In “Her baby has a deadly diagnosis. Her Florida doctors refused an abortion,” The Washington Post reports on the story of Deborah Dorbert, a Florida woman who was halfway through her planned second pregnancy when her fetus was diagnosed with a fatal condition called Potter syndrome. Knowing the fetus would not survive past birth, Dorbert wanted to terminate her pregnancy as soon as possible—but due to Florida’s new abortion law H.B. 5, which bans abortions after 15 weeks, she was forced to remain pregnant.
H.B. 5 allows exceptions in the case of fatal fetal abnormality, but Dorbert herself was unable to secure one. “We have never really understood,” said her partner Lee Dorbert. “We were told there was an exception… Obviously not enough of an exception in some cases.”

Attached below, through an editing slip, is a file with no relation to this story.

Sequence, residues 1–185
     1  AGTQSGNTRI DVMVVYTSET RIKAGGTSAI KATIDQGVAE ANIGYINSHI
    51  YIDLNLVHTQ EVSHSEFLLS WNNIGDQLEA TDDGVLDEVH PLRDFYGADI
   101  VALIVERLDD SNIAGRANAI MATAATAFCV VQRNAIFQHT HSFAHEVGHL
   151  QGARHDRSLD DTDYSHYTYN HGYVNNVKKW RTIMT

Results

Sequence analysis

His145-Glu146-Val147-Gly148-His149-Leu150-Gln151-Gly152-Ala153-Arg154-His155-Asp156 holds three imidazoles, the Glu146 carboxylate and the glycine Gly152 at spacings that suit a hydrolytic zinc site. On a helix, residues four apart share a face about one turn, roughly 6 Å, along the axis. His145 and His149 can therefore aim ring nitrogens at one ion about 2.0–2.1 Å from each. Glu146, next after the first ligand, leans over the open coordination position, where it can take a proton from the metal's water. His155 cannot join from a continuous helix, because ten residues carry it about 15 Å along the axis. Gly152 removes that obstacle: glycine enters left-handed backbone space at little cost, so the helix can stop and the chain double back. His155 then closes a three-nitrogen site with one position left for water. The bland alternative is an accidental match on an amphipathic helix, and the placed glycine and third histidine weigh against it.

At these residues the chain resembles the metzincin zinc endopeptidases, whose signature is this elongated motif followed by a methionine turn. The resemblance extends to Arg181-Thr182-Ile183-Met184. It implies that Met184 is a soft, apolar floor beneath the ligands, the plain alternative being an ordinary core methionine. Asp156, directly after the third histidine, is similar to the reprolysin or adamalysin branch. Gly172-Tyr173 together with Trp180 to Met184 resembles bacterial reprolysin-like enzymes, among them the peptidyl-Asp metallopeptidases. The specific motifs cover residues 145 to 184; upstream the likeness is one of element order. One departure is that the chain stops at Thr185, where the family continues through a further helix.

The Center’s Autumn Katz, interim director of litigation, pointed out in the article that physicians are terrified by the combination of the narrow exception to Florida’s law and the harsh penalties for violating it. As a result, Katz said, they “are likely to err on the side of questioning whether the conditions are fully met.”
Dorbert’s primary-care physician said that as the pregnancy continues, the risks to her health will increase, with no additional benefit to the fetus.
“It makes me angry, for politicians to decide what’s best for my health,” Dorbert said. “We would do anything to have this baby.”
Read the article here:
- “Her baby has a deadly diagnosis. Her Florida doctors refused an abortion,” The Washington Post, 02.18.23